Downturn Has Silver Lining

Falling component prices and decreasing demand will benefit consumers.

The downturn in the economy has eroded demand for PCs and other high-tech gadgets. This erosion has hurt revenues and earnings at most semiconductor companies, but their pain will ultimately be your gain. Falling prices will spur demand for webpads, hard-disk video recorders, digital cameras, MP3 players and similar devices, many of which use Linux.

The chip industry has gone through several boom and bust cycles, and the current situation is just another down cycle. The problem is that building a new chip factory, or fab, costs upward of $1 billion and takes about two years from site selection to volume production.

During periods of high demand, such as last year, semiconductor companies can't add capacity quickly enough. This results in shortages and high component prices. With cash in hand, the companies madly invest in new capacity, but today we see that increasing capacity meeting falling demand.

Basic economics tells us that prices will fall. Indeed, DRAM prices have dropped by 50% over the past six months, as have the prices of flat-panel (LCD) displays. The prices of Flash memory and other components are also sagging. I wouldn't be surprised if, by the end of this year, some components cost a quarter of what they did last year.

These lower prices will benefit many emerging products. For example, webpads have yet to get off the ground. Only a few companies are selling them and generally at prices in excess of $1,000 US. The culprit is the cost of the flat-panel display, which has been several hundred dollars.

With display prices collapsing, vendors will be able to deploy webpads for much less than $1,000, perhaps as low as $500. I have no doubt an early-adopter market will spring up at these prices, and that market will grow as prices continue to drop. Most of the webpads announced to date combine Transmeta's Crusoe chip with Linux, delivering web compatibility without Windows.

TiVo's ground-breaking video recorder, which stores TV programs on a hard disk instead of videotape, has received critical acclaim but has only sold about 200,000 units. These low sales are due in part to the high cost of the unit, $500 or more (including the cost of the service). When TiVo launched last year, the price of a 30GB hard drive was about $300. Today, the same hard drive costs less than $100. The price of DRAM and other components in the system has fallen as well. Watch for TiVo to take advantage of these changes by dropping the price of its Linux-based recorder. With lower prices, more people will buy the TiVo system to take control of when they watch their favorite TV shows.

Like the TiVo system, an MP3 jukebox is primarily a simple computer wrapped around a large hard drive. These jukeboxes connect directly to home stereo systems and are just becoming available. But prices, such as $799 for the AudioReQuest, have inhibited demand. Falling component prices, however, should make these systems more popular. SonicBlue (which produces the Rio line of MP3 systems), Kerbango and others all use Linux to power their MP3 jukeboxes.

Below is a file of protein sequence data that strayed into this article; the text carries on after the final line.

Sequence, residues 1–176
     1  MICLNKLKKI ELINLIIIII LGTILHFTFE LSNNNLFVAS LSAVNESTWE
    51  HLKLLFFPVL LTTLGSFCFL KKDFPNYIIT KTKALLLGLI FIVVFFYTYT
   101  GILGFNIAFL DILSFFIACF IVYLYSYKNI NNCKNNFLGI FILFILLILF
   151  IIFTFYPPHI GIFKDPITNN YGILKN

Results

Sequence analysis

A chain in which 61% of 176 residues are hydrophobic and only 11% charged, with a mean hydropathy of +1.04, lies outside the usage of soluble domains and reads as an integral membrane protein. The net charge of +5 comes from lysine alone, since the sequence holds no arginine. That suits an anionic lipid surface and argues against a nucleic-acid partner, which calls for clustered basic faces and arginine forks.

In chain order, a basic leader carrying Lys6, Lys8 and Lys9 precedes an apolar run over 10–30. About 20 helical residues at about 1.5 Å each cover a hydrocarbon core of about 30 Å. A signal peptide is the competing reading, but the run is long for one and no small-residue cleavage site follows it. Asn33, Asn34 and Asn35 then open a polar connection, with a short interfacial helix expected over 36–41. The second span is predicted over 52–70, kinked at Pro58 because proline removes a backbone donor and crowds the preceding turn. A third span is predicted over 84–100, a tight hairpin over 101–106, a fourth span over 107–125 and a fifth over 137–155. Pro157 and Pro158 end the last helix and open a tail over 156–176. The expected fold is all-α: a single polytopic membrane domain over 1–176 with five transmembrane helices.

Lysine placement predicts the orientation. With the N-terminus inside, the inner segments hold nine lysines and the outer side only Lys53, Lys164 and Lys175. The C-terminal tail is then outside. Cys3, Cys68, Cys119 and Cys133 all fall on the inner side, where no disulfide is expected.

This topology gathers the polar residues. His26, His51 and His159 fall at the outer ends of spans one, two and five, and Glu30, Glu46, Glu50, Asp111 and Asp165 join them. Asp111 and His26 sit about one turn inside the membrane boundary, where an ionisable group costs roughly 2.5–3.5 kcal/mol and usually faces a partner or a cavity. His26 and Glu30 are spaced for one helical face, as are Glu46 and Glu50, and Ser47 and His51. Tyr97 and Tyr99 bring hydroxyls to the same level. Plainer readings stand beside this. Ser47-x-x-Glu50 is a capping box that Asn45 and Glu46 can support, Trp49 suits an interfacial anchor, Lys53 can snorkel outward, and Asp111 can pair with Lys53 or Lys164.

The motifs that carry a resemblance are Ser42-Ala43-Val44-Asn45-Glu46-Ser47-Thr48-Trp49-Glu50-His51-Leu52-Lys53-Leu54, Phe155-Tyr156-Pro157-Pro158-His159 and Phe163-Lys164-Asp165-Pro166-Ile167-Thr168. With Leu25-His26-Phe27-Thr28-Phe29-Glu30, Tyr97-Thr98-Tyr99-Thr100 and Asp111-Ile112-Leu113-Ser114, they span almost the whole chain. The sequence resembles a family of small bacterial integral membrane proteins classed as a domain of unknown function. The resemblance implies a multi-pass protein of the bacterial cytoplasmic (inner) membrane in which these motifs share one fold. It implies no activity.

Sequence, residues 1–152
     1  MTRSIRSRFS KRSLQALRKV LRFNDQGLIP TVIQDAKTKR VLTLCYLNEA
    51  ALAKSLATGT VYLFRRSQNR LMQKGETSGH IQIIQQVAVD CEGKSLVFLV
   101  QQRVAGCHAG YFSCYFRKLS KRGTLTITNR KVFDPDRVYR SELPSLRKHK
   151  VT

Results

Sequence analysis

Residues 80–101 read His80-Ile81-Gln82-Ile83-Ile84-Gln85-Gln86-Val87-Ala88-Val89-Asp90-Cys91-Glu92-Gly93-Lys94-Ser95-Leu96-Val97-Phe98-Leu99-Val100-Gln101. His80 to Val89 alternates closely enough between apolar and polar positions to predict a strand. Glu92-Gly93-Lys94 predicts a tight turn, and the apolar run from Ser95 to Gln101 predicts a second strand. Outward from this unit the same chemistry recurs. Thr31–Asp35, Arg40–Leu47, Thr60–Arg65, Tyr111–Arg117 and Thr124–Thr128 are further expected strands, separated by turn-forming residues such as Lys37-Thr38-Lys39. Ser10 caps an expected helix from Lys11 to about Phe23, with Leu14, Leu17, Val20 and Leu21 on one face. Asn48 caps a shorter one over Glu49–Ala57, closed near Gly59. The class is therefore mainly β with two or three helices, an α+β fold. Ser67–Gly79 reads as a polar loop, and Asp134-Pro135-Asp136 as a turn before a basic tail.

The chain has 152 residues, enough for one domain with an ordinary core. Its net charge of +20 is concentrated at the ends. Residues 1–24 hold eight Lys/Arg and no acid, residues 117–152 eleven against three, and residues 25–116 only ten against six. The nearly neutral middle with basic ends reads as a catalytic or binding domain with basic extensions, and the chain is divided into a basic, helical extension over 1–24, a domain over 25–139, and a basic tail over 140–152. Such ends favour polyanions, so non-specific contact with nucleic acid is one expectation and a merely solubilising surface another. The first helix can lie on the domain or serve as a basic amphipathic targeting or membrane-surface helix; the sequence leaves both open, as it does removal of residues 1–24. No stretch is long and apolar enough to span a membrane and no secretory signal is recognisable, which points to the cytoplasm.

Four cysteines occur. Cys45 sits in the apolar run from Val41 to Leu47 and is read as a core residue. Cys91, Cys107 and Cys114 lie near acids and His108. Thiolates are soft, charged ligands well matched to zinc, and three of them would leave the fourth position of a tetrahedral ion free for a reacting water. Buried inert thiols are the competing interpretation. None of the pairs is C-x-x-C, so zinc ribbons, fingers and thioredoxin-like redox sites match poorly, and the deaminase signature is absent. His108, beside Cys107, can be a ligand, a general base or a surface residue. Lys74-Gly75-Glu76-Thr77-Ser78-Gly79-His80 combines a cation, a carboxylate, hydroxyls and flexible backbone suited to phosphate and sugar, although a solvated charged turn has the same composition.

The bulk of the cost of a portable MP3 player is its Flash memory. The 64MB of Flash found in a $250 player cost about $120 at last year's prices. Even that amount of memory holds only 1-2 hours of music (depending on the quality and file type), barely enough to be useful. With lower Flash prices, we'll see low-end players approaching $100 and players with 128MB or more of memory selling for less than $300.

These MP3 systems will continue to grow in popularity despite the demise of Napster because they allow users to digitize their music collection and take it with them wherever they go. Users can easily find favorite songs, delete unwanted songs and create custom playlists. Linux can play a key role in networking a user's MP3 systems to enable seamless music portability.

Unfortunately, falling chip prices won't help PC sales. At $399, PCs are already as inexpensive as they can be without removing key components. Therefore, PC makers will take advantage of lower chip costs to offer faster processors, more DRAM and more disk capacity at the same price.

Some people may be attracted to better PCs at the same price, but a bigger problem will be convincing most PC users they need a better system. Most current PCs are fine for e-mail, web browsing and word processing. But the increasing popularity of digital video, digital photos and digital audio will drive the next PC upgrade cycle.

Despite the gloom in the industry, technology has not suddenly become a bad idea. The Internet continues to fundamentally change everything we do, and the trend toward digital media is revolutionizing personal entertainment. With chip prices down 50% to 75%, these trends will pick up speed.

Linley Gwennap (linleyg@linleygroup.com) is the founder and principal analyst of The Linley Group (http://www.linleygroup.com/), a technology analysis firm in Mt. View, California.

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